Bladder Cancer Staging

Staging refers to the extent of the cancer once the cancer has been positively diagnosed. To provide the most effective treatment, a doctor must determine how extensively the cancer has spread. The stage of cancer may be determined at the time of diagnosis through cystoscopy or biopsy. Sometimes cancer staging requires other imaging techniques like a CAT scan, MRI or sonogram to determine if the cancer has spread (metastasized) to other parts of the body.

Cancer Staging System

Doctors use a system known as the TNM classification system for several types of cancer, including bladder cancer. The TNM system gives the doctor detailed information on the primary tumor and how much it has spread. The “T” represents the extent of the tumor, the “N” represents the amount of lymph node involvement, and the “M” represents the presence or absence of metastasis. The different stages can also be described numerically.

The following list describes the various stages of bladder cancer.

Stage 0: Cancer cells found on the inner surface of the bladder. This is the earliest stage of bladder cancer and is known as superficial cancer or carcinoma in situ (CIS).

Stage I: Cancer cells have penetrated the inner lining of the bladder but have not yet reached the muscle layer.

Stage II: Cancer cells have spread into the muscle layer.

Stage III: Cancer cells have spread beyond the bladder muscle and into the outer layer of tissue surrounding the bladder.

Stage IV: Cancer cells have spread towards the abdominal or pelvic wall. In men, the cancer cells may spread to the prostate. In women, the cancer cells may spread to the uterus or vagina. Cancer cells may have also spread to the lymph system and metastasized to other parts of the body.

The stage of bladder cancer is largely determined by how “deeply” the tumor has invaded.

Bladder Cancer Staging System

Grading Bladder Tumors

Another step in determining the best course of treatment is grading of the bladder tumors. Grading refers to the appearance of the cancer cells and is determined by a pathologist.

Tumors that contain normal-looking cells and still maintain some of the function of normal cells are known as differentiated tumors. Differentiated tumors are a low-grade tumor and grow slowly.

The poorly differentiated or undifferentiated tumors have abnormal shapes and lack organization. These are high-grade tumors and grow quickly. Carcinomas in situ tend to have high-grade components and a great risk of spreading.

While the grade of the tumor is important in deciding the treatment strategy, staging is a more important prognostic indicator in bladder cancer.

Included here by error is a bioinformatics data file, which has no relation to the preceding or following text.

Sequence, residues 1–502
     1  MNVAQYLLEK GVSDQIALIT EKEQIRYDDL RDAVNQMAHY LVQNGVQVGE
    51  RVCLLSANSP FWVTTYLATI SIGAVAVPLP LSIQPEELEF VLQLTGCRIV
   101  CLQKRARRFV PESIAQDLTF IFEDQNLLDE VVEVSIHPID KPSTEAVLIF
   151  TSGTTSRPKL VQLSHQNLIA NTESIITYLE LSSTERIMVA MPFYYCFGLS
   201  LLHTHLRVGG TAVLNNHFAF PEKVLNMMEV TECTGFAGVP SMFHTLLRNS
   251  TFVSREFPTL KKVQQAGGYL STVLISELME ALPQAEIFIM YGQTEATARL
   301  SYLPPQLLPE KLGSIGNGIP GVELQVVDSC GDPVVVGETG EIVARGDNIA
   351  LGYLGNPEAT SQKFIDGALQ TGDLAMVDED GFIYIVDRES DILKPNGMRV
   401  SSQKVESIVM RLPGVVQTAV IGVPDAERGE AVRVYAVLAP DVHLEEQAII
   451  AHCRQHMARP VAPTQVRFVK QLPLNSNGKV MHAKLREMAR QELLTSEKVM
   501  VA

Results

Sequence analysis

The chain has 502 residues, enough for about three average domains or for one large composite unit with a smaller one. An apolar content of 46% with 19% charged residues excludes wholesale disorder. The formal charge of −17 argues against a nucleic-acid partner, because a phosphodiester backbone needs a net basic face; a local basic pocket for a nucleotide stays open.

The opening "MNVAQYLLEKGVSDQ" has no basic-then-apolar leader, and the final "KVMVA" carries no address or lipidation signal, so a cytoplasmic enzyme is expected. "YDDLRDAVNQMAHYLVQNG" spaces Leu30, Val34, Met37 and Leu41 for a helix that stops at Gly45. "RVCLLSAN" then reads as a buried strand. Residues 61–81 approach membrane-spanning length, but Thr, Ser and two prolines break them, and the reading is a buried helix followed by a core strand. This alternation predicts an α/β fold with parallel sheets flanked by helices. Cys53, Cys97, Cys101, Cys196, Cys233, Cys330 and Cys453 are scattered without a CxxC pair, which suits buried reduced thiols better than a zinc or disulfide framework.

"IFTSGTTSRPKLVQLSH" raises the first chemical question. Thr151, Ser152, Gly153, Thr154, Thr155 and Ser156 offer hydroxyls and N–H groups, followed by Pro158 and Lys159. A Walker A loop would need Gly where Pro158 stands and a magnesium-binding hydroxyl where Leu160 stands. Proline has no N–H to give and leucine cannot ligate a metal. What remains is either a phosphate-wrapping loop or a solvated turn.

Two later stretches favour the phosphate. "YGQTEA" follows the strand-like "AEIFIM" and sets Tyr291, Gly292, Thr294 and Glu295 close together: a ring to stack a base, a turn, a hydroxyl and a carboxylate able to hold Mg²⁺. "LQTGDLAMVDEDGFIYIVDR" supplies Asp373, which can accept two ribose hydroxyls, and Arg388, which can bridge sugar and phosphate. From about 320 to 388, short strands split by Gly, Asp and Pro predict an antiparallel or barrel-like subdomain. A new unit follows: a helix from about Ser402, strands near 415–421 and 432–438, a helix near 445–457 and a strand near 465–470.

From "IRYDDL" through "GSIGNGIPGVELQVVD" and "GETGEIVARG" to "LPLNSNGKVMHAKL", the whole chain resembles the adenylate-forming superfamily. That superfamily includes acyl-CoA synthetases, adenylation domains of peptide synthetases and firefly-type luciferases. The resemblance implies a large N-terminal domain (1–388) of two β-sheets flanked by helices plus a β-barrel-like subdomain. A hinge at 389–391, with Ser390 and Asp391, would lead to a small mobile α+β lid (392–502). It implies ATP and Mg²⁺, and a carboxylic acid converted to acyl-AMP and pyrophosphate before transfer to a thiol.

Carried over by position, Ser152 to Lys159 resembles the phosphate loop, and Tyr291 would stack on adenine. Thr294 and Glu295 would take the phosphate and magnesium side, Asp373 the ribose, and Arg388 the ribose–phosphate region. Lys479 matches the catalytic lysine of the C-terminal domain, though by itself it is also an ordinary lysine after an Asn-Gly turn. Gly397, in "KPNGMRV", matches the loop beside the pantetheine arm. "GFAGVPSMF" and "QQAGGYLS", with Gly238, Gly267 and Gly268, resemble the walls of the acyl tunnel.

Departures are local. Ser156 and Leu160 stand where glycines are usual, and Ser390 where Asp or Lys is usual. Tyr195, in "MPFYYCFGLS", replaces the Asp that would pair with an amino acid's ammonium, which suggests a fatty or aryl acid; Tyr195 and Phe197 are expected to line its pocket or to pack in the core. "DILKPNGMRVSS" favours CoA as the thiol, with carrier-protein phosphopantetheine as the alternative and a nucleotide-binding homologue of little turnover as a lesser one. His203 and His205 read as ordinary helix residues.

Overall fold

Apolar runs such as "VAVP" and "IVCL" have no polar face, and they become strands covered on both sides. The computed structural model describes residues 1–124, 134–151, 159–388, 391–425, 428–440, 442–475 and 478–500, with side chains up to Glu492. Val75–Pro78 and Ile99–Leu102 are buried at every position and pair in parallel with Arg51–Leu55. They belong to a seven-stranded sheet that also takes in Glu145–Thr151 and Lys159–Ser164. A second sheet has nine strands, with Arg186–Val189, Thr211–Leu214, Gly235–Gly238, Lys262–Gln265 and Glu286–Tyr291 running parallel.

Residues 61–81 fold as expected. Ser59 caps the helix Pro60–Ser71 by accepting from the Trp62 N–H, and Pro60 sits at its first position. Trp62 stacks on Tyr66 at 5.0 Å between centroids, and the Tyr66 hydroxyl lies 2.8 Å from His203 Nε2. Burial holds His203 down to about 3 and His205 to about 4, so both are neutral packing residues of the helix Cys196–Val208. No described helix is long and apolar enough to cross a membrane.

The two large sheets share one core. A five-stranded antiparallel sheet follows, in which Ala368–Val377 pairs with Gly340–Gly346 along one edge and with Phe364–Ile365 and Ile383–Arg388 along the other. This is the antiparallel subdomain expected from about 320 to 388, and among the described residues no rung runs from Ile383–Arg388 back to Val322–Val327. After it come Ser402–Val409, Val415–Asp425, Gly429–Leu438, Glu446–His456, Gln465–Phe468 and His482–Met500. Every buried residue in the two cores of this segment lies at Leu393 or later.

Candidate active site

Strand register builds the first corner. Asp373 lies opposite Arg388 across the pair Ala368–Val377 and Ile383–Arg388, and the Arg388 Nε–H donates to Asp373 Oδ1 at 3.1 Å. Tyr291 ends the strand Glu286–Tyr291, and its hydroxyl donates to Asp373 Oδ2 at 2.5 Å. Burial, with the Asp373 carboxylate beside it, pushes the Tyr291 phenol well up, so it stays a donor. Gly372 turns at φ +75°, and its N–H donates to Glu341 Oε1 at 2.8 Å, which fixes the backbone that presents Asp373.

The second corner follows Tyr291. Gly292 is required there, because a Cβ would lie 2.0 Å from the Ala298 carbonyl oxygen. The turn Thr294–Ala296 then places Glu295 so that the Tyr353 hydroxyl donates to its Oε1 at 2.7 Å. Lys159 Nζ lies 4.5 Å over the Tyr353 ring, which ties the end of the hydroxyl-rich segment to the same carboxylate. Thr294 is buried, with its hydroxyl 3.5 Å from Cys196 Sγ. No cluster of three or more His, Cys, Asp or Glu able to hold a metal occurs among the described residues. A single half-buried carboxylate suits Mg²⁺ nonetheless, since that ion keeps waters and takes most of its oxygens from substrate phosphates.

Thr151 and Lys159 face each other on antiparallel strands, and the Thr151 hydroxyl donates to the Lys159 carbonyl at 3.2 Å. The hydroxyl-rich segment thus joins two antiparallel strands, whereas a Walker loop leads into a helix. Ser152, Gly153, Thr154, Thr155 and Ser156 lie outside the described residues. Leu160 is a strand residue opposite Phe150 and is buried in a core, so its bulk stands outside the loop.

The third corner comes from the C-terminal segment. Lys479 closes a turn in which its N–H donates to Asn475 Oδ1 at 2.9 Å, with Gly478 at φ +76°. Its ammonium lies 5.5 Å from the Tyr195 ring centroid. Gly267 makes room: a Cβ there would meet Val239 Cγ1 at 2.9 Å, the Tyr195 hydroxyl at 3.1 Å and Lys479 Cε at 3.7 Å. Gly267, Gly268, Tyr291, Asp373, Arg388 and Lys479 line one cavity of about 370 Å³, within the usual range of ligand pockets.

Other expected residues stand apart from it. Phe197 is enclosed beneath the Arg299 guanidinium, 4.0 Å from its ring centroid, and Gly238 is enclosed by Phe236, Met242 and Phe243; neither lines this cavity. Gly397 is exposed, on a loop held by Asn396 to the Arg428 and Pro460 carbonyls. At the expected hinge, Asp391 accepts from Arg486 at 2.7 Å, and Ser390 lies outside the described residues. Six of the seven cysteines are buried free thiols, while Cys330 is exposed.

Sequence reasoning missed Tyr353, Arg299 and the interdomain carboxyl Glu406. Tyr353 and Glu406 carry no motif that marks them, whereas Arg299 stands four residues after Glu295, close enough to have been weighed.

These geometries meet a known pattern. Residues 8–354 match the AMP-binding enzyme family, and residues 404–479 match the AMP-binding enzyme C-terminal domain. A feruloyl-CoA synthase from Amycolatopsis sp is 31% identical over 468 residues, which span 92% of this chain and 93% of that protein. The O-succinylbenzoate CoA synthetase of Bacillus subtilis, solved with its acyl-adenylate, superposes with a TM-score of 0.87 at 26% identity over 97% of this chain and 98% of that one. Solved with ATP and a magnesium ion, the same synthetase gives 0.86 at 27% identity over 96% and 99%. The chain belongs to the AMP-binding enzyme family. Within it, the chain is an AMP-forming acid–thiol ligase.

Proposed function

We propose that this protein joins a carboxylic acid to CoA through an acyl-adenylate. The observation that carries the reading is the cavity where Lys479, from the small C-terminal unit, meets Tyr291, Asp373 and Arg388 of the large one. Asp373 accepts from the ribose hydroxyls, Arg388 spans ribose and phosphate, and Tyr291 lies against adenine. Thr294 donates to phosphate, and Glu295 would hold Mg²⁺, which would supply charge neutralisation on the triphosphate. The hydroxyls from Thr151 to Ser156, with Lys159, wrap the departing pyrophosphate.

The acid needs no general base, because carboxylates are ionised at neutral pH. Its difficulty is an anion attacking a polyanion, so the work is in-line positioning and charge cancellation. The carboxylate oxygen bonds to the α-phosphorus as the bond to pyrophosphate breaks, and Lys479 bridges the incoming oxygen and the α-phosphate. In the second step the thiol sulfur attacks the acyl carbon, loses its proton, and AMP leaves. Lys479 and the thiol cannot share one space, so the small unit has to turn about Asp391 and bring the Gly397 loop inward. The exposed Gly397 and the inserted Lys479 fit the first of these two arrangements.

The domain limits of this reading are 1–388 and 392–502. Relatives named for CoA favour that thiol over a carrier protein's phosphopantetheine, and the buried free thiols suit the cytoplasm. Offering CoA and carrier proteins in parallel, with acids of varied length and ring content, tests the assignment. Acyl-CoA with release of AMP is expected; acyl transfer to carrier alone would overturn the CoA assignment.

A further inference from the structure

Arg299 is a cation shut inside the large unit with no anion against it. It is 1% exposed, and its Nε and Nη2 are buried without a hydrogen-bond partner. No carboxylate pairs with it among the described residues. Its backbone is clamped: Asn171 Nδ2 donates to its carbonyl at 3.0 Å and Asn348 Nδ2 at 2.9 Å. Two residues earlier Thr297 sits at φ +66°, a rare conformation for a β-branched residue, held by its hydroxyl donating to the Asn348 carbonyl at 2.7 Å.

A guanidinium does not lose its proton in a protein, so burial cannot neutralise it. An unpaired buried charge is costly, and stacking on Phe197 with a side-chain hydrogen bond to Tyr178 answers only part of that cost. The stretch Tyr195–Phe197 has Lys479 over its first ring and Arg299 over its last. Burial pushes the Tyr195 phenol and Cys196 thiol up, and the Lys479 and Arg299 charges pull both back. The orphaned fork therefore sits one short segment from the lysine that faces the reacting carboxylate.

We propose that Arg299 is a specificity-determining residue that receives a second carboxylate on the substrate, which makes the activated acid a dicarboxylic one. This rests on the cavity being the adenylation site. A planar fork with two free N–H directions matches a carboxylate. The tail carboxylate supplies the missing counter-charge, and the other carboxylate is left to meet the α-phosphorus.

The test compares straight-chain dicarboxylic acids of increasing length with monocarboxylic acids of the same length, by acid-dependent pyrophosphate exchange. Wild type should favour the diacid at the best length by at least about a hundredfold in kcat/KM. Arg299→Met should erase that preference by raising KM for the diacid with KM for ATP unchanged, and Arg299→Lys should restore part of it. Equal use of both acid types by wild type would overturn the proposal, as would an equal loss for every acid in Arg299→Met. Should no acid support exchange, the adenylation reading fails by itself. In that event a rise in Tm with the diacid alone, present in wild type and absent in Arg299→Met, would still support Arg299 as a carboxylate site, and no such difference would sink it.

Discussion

Bladder Cancer Prognosis

As with any cancer, early detection increases the chance for a better prognosis. Prognosis is dependent on many factors including patient health and response to treatment, tumor size, shape, and location, and staging and grading of the tumor.

Treatments for bladder cancers are based on the stage of cancer involvement. Treatment options include surgery, radiation therapy, chemotherapy, or biological therapy. Sometimes treatment options are combined for greater effectiveness.

Bladder Anatomy and Tumor Location

The bladder, located in the pelvic region, is a part of the urinary system. The kidneys produce urine and pass it through the ureters to the bladder. The bladder is the organ that stores urine. Stored urine is then released from the body via the urethra.

The bladder is made up of three layers:

  • inner layer (mucosa)
  • middle layer (connective tissue)
  • outer layer (smooth muscle)

The mucosa (or urothelial layer) is the innermost layer and is in direct contact with urine. The mucosa is made up of two types of cells: transitional and squamous. Transitional cells are the most susceptible to bladder cancers. Cancers of transitional cells are known as transitional cell carcinomas and account for more than ninety percent of all bladder cancers. Squamous cell carcinomas account for about eight percent of bladder cancers.

The next layer of the bladder is a layer of connective tissue that connects the mucosa to the third smooth muscle layer.

Superficial Bladder Cancer

Most of the bladder cancers originate in the first two layers of tissue and are called superficial bladder cancers. If the tumor protrudes out to the center of the bladder in the shape of a nipple it is known as papillary. If the tumor is flat and does not protrude in either direction, it is known as a carcinoma in situ. Carcinomas in situ can spread easily and quickly and have a great chance of penetrating beyond the first two layers of the bladder. Carcinomas in situ, once treated, have a high risk of recurrence.

Invasive Bladder Cancer

If the cancer penetrates through the first two layers to the third smooth muscle layer it is known as an invasive cancer. If the cancer penetrates all the way through the muscular wall, it can spread to nearby organs or lymph nodes. When cancer spreads beyond the bladder and into other organs, it is said to have metastasized.

Cancer is named after the location of its primary tumor. If the primary tumor began in the bladder it is known as bladder cancer. If the cancer has moved to another organ like the lungs it is identified as bladder cancer with metastasis to the lungs.


Beers, M. H.,